It was great to see the Commonwealth Association of Planners given the President’s Special Award at the RTPI Awards ceremony in London recently. Retiring RTPI President Ann Skippers emphasised the work CAP does in supporting planners across the Commonwealth. She invited the audience to imagine that they were the only planner working in their office, and then reminded them that in some small Commonwealth states there may only be one planner in the whole country.
This blog by Cliff Hague was first posted on Planning Resource on 28 October 2013.
The scale of the challenges that planners face from urban transport is made clear in the new UN-Habitat Global Report on Human Settlements. As ever more trips are made it becomes harder and harder to move around cities, even when money is invested in transport infrastructure. Across the globe, but especially in the rapidly urbanising mega cities of the global south, cities are facing a crisis of accessibility. Quite simply, unsustainable forms of urban transport are no longer working.
Young Eyes is a new IC project. It looks to me like it will be a good one. I was at the kick-off meeting in a cold and misty Warsaw in January. All the partners were there – Jelgava and Rauna from Latvia, our Polish friends from Suwalki, and from the far north came the delegation from Robertsfors in Sweden. In addition there was PAS from Edinburgh, bringing a lot of experience in youth involvement in built environment issues.
Across Europe the centres of small and medium sized towns are facing serious challenges. Retailing was the key function that drew people to these places. But we shop differently nowadays. A generation ago the big retailers began to move their businesses out of town centres and to edge of city retail parks.
A new OECD report, Regions and Cities: Where policies and people meet, makes the point that regional disparities in income are widening. It calls for a place-sensitive approach to policy making, in other words it recognises that policies need to be tuned to specific characteristics of places, rather than being uniform.
The eyes of the world are on Scotland this week. The referendum on Scottish independence looks like it will produce a close result. It’s been a long campaign, which the rest of the United Kingdom has largely ignored until the last couple of weeks when suddenly the gap between “yes” and “no” in the opinion polls has narrowed.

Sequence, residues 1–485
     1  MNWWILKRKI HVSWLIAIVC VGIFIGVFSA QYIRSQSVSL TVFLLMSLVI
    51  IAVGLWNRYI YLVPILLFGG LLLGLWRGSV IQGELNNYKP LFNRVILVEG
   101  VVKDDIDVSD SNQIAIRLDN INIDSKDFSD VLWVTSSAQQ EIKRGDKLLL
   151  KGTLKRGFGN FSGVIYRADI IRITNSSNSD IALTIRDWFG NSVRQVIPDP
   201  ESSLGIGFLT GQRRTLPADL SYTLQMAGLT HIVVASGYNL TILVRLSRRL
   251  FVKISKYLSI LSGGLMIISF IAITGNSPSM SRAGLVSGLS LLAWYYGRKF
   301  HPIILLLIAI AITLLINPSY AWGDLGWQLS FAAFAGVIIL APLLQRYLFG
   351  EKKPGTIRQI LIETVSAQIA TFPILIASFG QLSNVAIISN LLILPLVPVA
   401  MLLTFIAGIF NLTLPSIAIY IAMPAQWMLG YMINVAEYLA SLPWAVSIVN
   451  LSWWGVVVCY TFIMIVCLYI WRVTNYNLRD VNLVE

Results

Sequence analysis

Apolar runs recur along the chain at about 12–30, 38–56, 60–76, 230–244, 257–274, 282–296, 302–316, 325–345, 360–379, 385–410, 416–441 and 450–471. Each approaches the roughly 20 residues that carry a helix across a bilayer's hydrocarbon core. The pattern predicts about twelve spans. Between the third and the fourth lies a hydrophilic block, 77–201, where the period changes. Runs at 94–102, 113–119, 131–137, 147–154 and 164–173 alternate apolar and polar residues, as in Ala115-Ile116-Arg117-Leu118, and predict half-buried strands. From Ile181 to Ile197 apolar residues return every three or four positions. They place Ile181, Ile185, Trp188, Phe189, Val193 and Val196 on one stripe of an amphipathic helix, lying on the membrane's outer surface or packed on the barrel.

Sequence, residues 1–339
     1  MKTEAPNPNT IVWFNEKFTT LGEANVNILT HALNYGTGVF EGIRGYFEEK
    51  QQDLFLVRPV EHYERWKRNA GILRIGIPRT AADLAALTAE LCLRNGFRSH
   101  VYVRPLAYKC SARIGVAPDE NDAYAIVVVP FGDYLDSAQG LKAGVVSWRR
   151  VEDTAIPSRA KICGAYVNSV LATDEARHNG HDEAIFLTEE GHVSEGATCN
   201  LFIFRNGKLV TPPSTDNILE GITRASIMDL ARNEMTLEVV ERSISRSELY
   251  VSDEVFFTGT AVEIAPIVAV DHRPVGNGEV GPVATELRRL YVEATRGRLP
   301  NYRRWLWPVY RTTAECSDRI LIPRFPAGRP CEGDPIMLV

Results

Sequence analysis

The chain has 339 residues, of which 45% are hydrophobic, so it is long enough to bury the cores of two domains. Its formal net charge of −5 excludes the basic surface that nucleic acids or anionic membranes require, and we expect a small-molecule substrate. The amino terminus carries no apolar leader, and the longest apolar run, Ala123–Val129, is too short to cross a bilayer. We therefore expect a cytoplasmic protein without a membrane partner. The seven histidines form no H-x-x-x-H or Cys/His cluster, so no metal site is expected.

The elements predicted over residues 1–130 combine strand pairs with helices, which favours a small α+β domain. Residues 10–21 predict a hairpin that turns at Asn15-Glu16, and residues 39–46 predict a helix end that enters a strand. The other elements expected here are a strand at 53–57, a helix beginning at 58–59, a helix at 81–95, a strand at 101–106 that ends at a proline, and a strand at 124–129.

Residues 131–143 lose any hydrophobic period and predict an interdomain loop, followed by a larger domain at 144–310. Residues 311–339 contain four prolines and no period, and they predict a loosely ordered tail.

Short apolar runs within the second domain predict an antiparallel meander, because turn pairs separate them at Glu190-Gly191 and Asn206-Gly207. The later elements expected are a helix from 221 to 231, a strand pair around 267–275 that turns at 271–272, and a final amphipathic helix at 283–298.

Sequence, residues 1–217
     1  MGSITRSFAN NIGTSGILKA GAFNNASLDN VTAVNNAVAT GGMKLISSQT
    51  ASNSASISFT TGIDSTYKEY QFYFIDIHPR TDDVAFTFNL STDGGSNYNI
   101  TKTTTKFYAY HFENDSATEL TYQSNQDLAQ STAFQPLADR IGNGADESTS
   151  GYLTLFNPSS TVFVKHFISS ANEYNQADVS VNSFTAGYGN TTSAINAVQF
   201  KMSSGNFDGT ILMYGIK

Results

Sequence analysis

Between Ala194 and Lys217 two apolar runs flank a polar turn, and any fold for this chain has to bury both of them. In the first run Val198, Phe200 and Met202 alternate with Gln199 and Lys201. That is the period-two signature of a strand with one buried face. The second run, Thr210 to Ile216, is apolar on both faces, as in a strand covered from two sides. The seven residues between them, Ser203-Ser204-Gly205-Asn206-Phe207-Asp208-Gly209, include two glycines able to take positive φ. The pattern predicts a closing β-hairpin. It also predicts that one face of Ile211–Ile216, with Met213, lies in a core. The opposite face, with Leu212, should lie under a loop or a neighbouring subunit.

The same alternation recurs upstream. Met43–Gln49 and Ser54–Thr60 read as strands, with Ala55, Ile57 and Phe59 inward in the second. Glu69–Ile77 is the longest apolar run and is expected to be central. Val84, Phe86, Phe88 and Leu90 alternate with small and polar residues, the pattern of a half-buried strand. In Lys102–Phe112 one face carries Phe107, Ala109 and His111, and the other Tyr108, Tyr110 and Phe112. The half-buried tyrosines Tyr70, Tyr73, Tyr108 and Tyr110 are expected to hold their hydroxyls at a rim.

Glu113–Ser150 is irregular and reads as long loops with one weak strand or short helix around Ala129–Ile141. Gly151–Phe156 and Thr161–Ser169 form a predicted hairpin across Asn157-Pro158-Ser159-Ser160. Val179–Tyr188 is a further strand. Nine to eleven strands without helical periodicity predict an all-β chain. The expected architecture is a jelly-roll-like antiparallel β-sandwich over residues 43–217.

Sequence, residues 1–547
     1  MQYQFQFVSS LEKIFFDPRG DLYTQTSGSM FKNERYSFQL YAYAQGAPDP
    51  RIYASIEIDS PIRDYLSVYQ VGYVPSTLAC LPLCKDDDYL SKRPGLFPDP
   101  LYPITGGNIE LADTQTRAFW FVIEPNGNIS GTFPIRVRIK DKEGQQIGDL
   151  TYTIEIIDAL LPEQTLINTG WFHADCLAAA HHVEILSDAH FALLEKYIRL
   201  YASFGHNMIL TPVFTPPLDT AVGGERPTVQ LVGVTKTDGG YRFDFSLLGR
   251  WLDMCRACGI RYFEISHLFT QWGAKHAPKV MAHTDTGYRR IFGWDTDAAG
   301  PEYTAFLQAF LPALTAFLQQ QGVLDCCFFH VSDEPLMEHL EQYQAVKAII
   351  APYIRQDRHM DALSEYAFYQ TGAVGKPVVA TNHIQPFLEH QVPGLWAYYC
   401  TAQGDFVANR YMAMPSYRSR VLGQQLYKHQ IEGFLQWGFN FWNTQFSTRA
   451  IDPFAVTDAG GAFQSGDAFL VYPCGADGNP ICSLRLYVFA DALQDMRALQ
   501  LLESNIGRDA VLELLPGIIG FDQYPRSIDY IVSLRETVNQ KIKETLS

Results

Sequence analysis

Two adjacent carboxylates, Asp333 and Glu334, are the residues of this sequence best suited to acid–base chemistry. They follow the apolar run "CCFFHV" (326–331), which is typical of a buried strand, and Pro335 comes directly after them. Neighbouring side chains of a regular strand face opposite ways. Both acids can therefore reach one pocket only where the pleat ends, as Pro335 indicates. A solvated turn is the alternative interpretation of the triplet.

It’s been a busy summer. In particular I have been involved in work on “measuring success” for Scotland’s Historic Environment Strategy. As Chair of the Built Environment Forum Scotland I am chairing a “workstream” on this topic, with a brief to report to the Scottish Government and to the historic environment sector by the end of August.
In the next few weeks some important decisions will be taken. The UN is coming to the end of a process that will result in the General Assembly adopting a set of Sustainable Development Goals for the period 2015-2030. These were focus on eradication of poverty and are sure to commit the governments of the world to action on topics such as health, water and education – rightly so.
In the early 1990s Yugoslavia began to disintegrate, triggering a series of vicious wars as ethnic groups contested territories. I have been doing some work looking at current development in the countries of the Western Balkans. Although conditions have certainly improved over the past decade, and the World Bank now rates them as “upper middle income countries”, it is clear that long-lasting economic and environmental damage has occurred.
For over 30 years EU programmes have supported students so that they can spend some time studying at a university in a different member state. Now a new ERASMUS+ programme opens such mobility opportunities to many others. The kind of youth camps that IC has delivered over several years would seem to be eligible for support. The programme includes Norway.